The Maharashtra government will conduct a magisterial inquiry into Monday's police firing at Jaitapur, Home Minister R.R. Patil announced in the Assembly on Tuesday. The violent fallout of protests against the proposed nuclear power plant was hotly discussed in both Houses of the Legislature with the Opposition accusing the government of highhandedness and totalitarianism.
Mr. Patil maintained that the police resorted to firing when all other methods of controlling the mob had failed. However, “as is the case with any incident of police firing, a magisterial inquiry will be conducted into the Jaitapur incident,” he told the House at the conclusion of a three-hour discussion.
Highlighting the Shiv Sena's role, Mr. Patil said intelligence reports pointed to a conspiracy to disrupt work at the plant site.
“On April 15, Jairam Ramesh [Union Minister for Environment and Forests] had said that there would be no rethink on the project. Some days ago, Sena leaders had gone to Jaitapur and announced that they would not allow the project. The police had received intelligence reports that there could be trouble and that people would try and stop project work. On Sunday, Sena MLA Rajan Salvi had been served a notice under Section 149 [of the Criminal Procedure Code] as part of preventive action. A ban was imposed on assembly of people and publicity, and heavy police bandobust was put in place,” he said.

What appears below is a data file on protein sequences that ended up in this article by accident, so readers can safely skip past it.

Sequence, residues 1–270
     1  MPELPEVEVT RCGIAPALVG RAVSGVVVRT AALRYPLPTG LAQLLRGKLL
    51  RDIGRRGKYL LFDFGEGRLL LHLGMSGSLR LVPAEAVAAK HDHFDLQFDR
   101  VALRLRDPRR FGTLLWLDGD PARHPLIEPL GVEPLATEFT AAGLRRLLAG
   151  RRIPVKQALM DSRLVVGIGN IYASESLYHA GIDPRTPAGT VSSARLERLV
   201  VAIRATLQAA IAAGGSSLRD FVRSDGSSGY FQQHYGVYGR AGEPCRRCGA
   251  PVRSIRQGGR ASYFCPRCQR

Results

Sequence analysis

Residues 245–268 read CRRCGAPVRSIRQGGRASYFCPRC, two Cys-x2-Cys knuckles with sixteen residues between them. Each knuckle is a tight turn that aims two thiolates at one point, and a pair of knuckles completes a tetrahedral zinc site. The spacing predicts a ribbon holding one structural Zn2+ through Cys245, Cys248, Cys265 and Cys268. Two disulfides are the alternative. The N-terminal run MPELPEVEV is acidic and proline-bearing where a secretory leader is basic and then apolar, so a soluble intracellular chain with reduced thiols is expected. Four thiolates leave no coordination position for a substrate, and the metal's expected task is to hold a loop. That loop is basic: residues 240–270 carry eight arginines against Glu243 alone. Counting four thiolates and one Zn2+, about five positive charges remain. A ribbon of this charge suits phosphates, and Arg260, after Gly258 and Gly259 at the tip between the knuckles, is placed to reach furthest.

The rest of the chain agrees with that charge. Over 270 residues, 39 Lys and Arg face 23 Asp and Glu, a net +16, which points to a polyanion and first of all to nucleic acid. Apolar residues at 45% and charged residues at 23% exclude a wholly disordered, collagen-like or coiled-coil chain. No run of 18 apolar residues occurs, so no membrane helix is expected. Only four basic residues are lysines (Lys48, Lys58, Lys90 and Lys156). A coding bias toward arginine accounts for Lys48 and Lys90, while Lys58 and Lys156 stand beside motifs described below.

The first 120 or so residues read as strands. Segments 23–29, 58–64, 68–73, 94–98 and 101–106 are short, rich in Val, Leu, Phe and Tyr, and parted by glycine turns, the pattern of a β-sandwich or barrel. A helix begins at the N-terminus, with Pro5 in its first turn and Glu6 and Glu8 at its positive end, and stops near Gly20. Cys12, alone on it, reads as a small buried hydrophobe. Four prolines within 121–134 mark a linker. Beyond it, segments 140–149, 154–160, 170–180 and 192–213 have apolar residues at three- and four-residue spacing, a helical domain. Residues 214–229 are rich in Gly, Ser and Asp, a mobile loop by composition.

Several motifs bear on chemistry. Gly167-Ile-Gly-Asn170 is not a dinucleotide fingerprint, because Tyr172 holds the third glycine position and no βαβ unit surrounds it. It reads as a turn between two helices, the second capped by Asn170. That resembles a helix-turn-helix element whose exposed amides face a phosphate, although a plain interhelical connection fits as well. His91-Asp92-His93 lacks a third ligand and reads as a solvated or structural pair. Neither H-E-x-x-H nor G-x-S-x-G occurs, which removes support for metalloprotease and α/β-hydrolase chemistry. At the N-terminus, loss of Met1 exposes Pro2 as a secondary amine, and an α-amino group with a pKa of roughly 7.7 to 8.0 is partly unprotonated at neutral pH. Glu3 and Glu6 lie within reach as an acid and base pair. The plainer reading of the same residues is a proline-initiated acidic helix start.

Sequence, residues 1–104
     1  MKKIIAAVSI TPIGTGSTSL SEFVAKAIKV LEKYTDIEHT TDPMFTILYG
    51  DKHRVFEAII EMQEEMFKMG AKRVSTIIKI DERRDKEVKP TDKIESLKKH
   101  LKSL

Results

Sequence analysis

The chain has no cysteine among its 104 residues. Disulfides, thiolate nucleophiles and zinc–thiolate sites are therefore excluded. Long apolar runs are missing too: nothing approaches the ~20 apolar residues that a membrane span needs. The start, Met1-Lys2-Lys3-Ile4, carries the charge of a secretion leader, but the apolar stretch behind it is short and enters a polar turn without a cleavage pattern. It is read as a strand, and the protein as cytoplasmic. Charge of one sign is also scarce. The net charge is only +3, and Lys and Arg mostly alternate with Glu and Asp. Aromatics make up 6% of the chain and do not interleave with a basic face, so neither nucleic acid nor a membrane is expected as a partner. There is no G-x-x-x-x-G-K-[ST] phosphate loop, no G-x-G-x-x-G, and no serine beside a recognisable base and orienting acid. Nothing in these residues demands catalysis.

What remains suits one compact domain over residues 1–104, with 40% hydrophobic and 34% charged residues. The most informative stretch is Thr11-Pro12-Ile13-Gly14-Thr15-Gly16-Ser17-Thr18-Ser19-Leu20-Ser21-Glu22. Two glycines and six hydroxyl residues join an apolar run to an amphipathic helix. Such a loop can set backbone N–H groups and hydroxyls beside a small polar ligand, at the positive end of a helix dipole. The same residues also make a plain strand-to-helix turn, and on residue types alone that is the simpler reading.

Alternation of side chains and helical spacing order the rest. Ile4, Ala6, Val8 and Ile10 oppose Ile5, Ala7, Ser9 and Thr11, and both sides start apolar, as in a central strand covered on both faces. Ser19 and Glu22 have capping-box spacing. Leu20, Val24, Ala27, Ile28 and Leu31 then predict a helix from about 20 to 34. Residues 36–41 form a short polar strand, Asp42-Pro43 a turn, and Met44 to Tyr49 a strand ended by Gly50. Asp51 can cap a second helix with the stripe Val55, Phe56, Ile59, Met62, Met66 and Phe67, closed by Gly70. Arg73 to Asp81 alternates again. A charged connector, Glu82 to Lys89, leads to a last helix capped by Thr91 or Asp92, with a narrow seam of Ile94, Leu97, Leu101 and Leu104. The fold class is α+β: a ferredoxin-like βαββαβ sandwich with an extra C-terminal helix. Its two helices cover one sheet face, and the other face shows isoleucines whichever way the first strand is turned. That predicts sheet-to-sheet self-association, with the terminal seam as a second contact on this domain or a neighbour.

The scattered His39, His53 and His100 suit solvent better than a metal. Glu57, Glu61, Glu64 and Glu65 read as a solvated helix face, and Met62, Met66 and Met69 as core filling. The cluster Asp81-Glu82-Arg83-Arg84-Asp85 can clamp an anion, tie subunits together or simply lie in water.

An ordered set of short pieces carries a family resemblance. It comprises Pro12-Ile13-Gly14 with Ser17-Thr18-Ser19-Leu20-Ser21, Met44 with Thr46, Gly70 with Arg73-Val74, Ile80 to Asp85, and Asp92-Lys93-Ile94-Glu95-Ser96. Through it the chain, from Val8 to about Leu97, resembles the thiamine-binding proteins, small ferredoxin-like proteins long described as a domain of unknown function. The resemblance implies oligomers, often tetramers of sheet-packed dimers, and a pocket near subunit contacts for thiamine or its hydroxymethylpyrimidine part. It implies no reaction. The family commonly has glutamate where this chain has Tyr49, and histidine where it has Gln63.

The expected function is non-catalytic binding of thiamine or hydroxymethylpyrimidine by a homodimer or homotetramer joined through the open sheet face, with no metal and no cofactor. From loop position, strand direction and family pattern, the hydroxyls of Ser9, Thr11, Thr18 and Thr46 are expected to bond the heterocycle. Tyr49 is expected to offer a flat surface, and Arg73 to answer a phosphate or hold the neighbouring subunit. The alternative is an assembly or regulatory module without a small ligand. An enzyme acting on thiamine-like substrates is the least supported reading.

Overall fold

The Home Minister said protesters turned irate after their plan to disrupt work at the site was foiled. The police resorted to lathi-charge and fired teargas and plastic bullets, but the mob was uncontrollable. Left with no option, the police resorted to firing. A maximum of 25 rounds fired were in the air. Four bullets, however, hit the protesters — three in the legs and the other hit Tabrez Sayekar just above the stomach and this claimed the protester's life.
However, the probe would look into whether any excessive force was used and action would be taken against the officers responsible.
Going back into the history of police firings, Mr. Patil said that since 1988, the number of persons dying in police firings was the lowest in 2010. He sought the participation of all parties in resolving the issue.
Recalling the debacle of the Enron power project, he said Maharashtra would lag behind other States if power projects were opposed.
The discussion turned into a mudslinging match when Industries Minister Narayan Rane, a former Sainik, held the Sena responsible for the death of Sayekar by instigating violence among the people of the Konkan. He said that at a meeting at Mumbai's Sena Bhavan last month, party executive president Uddhav Thackeray had given a provocative speech.
Amid heavy protests, Nationalist Congress Party MLA Nawab Mallik accused the Sena of violence against Muslims, since the deceased belonged to that community. It was decided that the allegations would be expunged from the records.
BJP condemns firing
While the Bharatiya Janata Party (BJP) condemned the incident and demanded compensation for the kin of the deceased agitator, Eknath Khadse, Leader of Opposition in the Assembly, stated that his party was opposed not to the project, but to the government's highhandedness.
“If the government is pushing the project through coercion, how many lives will it take? Can there be a rethink on the project?”
Bala Nandgaonkar of the Maharashtra Navnirman Sena demanded Mr. Patil's resignation.
As Opposition MLAs staged a walkout, Sena MLA Vijay Shivtare was suspended for a day for insulting the Chair. Mr. Shivtare, while going out, had remarked that the Speaker was from the Nationalist Congress Party, thus alleging a bias.